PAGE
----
By Margaret Mwanakatwe
By the way, I notice that the IMF has not even mentioned a single instance of secret or undisclosed debt, nor has it said the debt is unsustainable, only that “unrestrained borrowing could lead to debt distress”, a far cry from “unsustainable” which, at this stage, is an imaginary situation.
I cannot see how a president under whose watch no further consumptive borrowing has occurred, can then proceed to “unrestrained borrowing”.
When Sata arbitrarily ordered a 100% pay rise for public workers – huge cheers even though it hugely increased the burden on the public purse. The lowest paid got some 300% from K680.00 per month to more than K2,000 per month. No one asked how these huge increases would be financed over the long term, and *I don’t recall our pundits questioning the wisdom of cutting the PAYE tax by raising the tax threshold to K3,000.000.* Having cut the income tax for the bulk of public service workers, how were we to fill the gap in the budget punched by the huge prise and the simultaneous tax cut? Today, we are claiming that the shortage of funds in the Treasury is because of Lungu?
How about Sata arbitrarily cutting the maize price for millers from K65.00 down to K55.00 per bag just to prove that he could reduce the price of mealie meal? Who picked the tab for the loss of K10.00 per bag? We are now paying for that decision.
Oh! Who paid for the free fuel dished to Malawi at the beginning of 2012, who picked up the tab? We forgot, ka?
And the free maize to Zimbabwe, who paid? We are paying for that now, too.
And when Sata cancelled the proposed Turkish Airlines’ proposed PPP or BOT for KK International and went to China to borrow US$400m, there were very loud cheers. Yes! Sata is the man, Banda had sold KKIA, Sata has stopped him.
None of our pundits questioned the wisdom of ditching a US$400m PPP or BOT in favour of a US$400m *loan*. Now we are complaining that we owe too much? We should have gone for the PPP – Turkish money, a brand new international terminal in exchange for a 25 year lease to operate the facility, pay the costs and collect the money to share. After 25 years, they leave and we get the terminal.
But, no! In Zambia every deal is suspicious.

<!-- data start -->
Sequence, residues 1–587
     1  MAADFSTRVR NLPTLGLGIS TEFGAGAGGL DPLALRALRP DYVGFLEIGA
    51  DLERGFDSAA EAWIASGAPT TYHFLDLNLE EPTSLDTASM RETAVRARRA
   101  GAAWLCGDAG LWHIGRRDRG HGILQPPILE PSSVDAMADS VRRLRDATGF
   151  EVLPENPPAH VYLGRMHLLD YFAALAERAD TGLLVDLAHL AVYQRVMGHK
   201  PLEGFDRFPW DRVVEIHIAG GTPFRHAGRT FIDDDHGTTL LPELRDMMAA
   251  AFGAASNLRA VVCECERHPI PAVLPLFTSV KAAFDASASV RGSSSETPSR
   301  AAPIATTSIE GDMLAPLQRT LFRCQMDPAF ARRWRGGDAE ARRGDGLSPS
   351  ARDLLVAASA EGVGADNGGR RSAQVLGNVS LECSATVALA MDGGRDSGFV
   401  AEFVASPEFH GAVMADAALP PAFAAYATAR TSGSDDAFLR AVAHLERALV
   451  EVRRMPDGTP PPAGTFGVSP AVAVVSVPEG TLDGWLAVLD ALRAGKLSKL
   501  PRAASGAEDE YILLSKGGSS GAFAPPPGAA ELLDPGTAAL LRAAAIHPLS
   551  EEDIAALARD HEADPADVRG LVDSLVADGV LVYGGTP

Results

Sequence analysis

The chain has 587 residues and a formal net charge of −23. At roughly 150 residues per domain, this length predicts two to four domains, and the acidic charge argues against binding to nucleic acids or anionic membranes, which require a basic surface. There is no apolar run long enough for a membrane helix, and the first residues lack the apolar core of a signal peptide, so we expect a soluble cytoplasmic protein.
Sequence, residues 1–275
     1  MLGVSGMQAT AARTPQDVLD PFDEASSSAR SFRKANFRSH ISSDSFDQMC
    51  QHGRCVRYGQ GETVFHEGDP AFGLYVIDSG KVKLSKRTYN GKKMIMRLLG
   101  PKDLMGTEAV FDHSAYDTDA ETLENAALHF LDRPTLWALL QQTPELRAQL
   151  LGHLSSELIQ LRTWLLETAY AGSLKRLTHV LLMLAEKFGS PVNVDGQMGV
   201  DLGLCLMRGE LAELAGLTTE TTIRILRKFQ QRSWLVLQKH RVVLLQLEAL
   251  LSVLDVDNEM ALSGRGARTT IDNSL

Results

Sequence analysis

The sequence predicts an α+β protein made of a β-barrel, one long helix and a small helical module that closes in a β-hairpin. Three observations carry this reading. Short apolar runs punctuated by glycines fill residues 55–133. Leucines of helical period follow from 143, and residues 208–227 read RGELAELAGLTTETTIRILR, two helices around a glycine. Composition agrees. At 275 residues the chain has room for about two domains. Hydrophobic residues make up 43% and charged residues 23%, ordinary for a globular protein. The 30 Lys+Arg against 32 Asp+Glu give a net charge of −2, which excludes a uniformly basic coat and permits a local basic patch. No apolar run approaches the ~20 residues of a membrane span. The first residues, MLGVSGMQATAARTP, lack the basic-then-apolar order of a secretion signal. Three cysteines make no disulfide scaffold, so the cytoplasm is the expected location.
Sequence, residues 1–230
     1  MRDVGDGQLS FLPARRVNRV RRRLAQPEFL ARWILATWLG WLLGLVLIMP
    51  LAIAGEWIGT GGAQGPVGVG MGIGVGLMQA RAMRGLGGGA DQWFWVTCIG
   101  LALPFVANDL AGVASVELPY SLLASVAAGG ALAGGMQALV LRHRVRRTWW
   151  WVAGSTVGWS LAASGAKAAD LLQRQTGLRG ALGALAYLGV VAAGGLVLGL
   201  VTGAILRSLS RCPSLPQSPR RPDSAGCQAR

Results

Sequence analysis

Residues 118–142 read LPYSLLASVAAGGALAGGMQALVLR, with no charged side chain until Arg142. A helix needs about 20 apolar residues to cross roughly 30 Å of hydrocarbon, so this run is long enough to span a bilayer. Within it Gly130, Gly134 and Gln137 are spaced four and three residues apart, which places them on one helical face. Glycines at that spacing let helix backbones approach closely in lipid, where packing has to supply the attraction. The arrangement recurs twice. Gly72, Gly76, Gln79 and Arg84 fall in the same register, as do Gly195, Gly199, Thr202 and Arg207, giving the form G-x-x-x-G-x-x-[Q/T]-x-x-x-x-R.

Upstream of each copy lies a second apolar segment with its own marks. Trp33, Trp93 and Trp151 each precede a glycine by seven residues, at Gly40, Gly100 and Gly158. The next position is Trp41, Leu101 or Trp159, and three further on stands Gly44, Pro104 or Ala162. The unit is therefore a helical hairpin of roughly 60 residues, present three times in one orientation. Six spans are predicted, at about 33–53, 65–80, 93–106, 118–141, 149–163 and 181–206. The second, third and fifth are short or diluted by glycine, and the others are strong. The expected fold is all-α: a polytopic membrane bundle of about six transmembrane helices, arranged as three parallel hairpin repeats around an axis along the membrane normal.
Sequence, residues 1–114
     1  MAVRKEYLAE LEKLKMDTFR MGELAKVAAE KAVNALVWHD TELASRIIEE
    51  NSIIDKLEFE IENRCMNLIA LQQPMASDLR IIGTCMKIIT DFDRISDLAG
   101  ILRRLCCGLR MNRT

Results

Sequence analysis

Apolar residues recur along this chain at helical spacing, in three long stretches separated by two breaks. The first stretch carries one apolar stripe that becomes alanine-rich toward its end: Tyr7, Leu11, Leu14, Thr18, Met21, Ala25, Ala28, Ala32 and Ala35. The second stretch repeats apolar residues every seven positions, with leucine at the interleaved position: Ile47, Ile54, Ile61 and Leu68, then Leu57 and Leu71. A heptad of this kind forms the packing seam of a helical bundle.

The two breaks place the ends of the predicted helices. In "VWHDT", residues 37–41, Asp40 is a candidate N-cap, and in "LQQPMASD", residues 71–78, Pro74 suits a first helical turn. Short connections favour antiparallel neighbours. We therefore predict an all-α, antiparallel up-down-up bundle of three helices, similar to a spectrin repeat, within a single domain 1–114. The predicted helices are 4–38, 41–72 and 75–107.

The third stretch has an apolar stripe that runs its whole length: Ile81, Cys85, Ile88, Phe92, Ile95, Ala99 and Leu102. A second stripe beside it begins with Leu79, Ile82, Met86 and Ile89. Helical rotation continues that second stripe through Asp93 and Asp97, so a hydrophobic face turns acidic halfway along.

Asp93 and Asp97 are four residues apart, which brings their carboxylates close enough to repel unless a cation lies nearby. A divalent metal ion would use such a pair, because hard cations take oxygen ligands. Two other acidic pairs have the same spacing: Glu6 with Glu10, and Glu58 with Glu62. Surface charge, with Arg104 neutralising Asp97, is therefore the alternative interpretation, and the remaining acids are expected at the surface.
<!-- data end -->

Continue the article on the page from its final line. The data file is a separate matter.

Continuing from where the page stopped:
President Sata then arbitrarily cancelled the Zambia Railways lease – more loud cheers even though it meant paying penalties. Then he threw US$120m from the first Eurobond at Zambia Railways *without any feasibility study as to what needed to be done and at what cost* – more loud cheers! (+ (:-4 5*), we don’t know what work was done to improve the track because trains are crawling along at 15 – 20km/h. And we have not seen an account of what the US$120m was spent on.
And then President Sata used the Land Act to repossess Zamtel (Justice Minister Sebastian Zulu announced the use of the Lands Act) – oh! The loudest cheers ever! “We grabbed back Zamtel! Dora sold it corruptly, Sata has got it back!”
Well, the Libyans wanted their US$430m back, in cash, plus their investments, plus compensation etc.
That would have punched a sizeable hole n the 2nd EuroBond, and nobody told us how that has gone.
And then President Sata cancelled the border posts with the Israeli company who would have spent their own money, but were accused of being a front for Rupiah Banda. Mr.Sata went and borrowed more from China to build the border posts.
Before all that, President Sata spent hundreds of millions recalling Rupiah Banda’s and Levy Mwanawasa’s diplomats to make room for his new diplomats, many of whom would be his own relatives. People were flown back home from all over the world and then Mr. Sata’s appointees flew out. It wasn’t even an urgent situation but Sata’s will had to be done. Millions of dollars wasted.
Oh! Then he decided he would get rid of the senior defence people who had been retained after they reached 55 years of age. President Sata simply ordered the lot out – pay them off and they must vacate their government houses immediately, he ordered! Millions more wasted in termination payments, instead of waiting out their contracts.
I don’t recall anyone asking President Sata asking what the 2nd and 3rd Eurobonds were to be used for, because China was quite ready to finance infrastructure projects, having pledged US30bn at the 2012 China – Africa conference. The third Eurobond was at 9.25% at a time that bank interest rates were at around 1.5%. And yes, the 3fd Eurobond was announced on 28 July 2015 (@Mauice Makalu) so clearly it wasn’t Lungu.
I would be interested to know how Lungu ends up taking the rap? I don’t recall that he emptied Lake Kariba so that he could import power from Mozambique, or that it was his decision that we should have a Presidential by-election in January 2015, which cost a pretty penny. He had nothing to do with the arrangement, as he was just a candidate himself. Kariba was emptying rapidly already, so it fell to Lungu to find a solution to the power crisis. Should he have let the mines shut down due to lack of powered? There were layoffs pending, anyway as the copper price was declining rapidly. What was Lungu supposed to do about that?
So, I don’t buy all these stories of Lungu “failing to manage the economy; what we are going through are the effects of Lungu’s predecessor’s decisions which depleted the Treasury, spending money in 3 years which should have been spent over a longer period. The expenditure of 2010 – 2016 finally caught up with us in 2017.
There is nothing mysterious about our current financial problems – bad decisions early in the PF presidency have come back to bite us, and they are definitely not ECL’s fault.